Transformation to an Evidence-Based Organization – 3 Key Areas to Consider
In the juvenile justice and child welfare systems, Evidence-Based Practices (EBP) are programs, practices and policies that have been rigorously evaluated and shown to be effective at reducing youth crime. While there is no universally accepted criteria to be considered evidence-based, experts generally consider factors such as evaluation studies performed in both research and real world settings, standardized practices that have scientifically been documented to consistently produce the intended positive result, and favorable critical peer review. When programs meet these standards, they may be labeled evidence-based or endorsed by a research organization or federal agency.
Evidence-Based Practices have demonstrated great success in the provision of services to youth in the child welfare, juvenile justice and healthcare arenas. EBPs have shown multiple benefits to both the child and system, including improved public safety, community buy-in, reduced recidivism and overall cost-effectiveness. Evidence-based reentry policies and programs implemented by several states in recent years show a decline in recidivism rates, according to a study from Pew Charitable Trusts.
Evidence-Based Practices – The Complexity
The process of Evidence-Based Practice integration involves careful planning and strategy in order to lay a solid foundation for adoption. Because the implementation of an EBP requires a change in organizational operations, it can prove challenging for many providers. Organizations must consider what critical population is being served, what stakeholders need to be involved, and how the program will be sustained. Even when all that is accomplished, there are a few challenges that can impede an organization’s move towards evidence-based programming:
One Size Fits All – It is critical that a provider find the right EBP to match its existing organizational construct. Each agency is bound by local practices and regulations, which may run counter to a specific evidence-based program’s protocol or fidelity standards. Fidelity to EBP requirements is foundational to the success of the program. If not thoroughly planned out, organizational constraints can undermine the program’s effectiveness.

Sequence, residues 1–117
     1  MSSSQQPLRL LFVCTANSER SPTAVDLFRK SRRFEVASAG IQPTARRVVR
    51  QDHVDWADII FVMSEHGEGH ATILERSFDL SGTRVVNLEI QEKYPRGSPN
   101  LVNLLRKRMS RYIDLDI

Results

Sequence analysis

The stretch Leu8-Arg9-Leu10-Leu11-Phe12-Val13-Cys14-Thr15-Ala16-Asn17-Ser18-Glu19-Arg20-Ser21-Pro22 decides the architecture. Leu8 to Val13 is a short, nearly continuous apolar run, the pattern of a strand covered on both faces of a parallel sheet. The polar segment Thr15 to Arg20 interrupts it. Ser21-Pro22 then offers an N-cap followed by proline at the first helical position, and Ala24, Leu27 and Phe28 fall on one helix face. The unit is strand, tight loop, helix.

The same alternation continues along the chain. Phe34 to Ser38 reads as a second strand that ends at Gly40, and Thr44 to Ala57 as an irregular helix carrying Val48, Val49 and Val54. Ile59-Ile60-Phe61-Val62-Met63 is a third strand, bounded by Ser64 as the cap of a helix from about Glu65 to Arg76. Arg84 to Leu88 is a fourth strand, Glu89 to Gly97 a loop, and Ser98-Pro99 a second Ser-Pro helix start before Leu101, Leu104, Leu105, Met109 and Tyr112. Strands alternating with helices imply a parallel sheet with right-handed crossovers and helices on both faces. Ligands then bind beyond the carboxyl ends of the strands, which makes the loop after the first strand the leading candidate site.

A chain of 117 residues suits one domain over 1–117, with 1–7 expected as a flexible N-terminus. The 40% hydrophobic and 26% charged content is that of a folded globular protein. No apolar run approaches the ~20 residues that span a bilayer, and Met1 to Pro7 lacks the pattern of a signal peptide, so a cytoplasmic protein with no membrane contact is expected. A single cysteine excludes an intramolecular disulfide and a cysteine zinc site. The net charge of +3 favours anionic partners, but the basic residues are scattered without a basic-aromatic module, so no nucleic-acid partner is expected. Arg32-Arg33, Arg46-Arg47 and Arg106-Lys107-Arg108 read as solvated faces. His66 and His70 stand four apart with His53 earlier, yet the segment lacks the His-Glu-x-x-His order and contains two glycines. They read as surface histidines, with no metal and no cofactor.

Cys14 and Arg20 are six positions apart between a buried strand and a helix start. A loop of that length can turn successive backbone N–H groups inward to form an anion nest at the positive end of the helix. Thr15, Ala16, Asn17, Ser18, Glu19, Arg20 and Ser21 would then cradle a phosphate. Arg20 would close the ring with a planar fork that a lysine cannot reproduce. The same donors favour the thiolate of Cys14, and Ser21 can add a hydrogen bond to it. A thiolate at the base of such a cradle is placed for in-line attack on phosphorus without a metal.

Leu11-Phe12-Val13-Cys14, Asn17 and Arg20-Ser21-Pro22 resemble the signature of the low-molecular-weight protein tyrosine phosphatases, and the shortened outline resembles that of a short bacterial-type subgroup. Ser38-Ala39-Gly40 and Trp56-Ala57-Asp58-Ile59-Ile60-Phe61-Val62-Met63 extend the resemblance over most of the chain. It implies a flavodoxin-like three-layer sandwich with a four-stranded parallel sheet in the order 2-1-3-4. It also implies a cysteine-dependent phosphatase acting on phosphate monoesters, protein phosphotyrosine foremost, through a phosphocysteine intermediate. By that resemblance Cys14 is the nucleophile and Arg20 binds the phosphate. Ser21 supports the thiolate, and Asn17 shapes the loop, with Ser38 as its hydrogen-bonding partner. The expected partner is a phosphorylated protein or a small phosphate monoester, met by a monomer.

Culture – Organizational culture deeply rooted in historical treatment practices can often be resistant to change. When leadership doesn’t universally champion a significant modification in treatment practice, it becomes even more difficult to integrate throughout the system. Getting past the “we’ve always done it this way” attitude is critical to successful implementation.
Unique Resource Considerations –Replication of programs with a rigorous level of evidence, such as EBPs, are more likely to achieve significant results. However, these programs present some unique resource consideration, like investments in technology, staff training, supervision, and implementation and licensing costs. Implementation of some established EBPs may be cost-prohibitive for small organizations.
3 Key Considerations
The success of any new initiative depends on the organization’s resources, infrastructure, planning, and strategic guidance. Transformation to an evidence-based organization also requires all of these. Because Evidence-Based Practices come with continuous learning cycles, evaluations, and adjustments, organizations need to be fully invested prior to diving in.
A few things to consider:
Strong Leadership with Clear Vision – As with every new initiative, having strong leadership is a critical differentiator. Stakeholders from all levels of the leadership team must demonstrate equal commitment to the success of the initiative. These stakeholders must not only direct, but champion the program in order to ensure staff buy-in and support.
Well-Designed Data Infrastructure – Data is a critical asset to transformation into an evidence-based organization. Establishing a technology infrastructure to collect, process, apply and analyze data appropriately can help lead to a successful organizational transformation.
Flexible Support and Collaboration–Support from different and experienced partners, such as research or educational organizations, can enhance the outcomes of any new initiative. An organization can improve their outcomes by involving external stakeholders that may offer resources otherwise not at their disposal. Collaboration creates an environment for both internal and external stakeholders to communicate and learn from each other, leading to a more successful transformation.
An adequate investment in technology, staff training and education, and leadership support are foundations for effectively implementing evidence-based approaches. And while implementation of EBPs are a first step in improving outcomes, it’s important to remember that quality of programming is only one part of the success equation. When youth are appropriately matched with the right EBP based upon their clinical record and an organization’s treatment history, they are more likely to successfully complete the program the first time, leading to less trauma from multiple placements and overall better outcomes. FirstMatch® is a predictive analytics tool that helps organizations match youth with the most effective program for their unique, individual needs. Want to learn more about FirstMatch? Visit www.firstmatch.com for more information.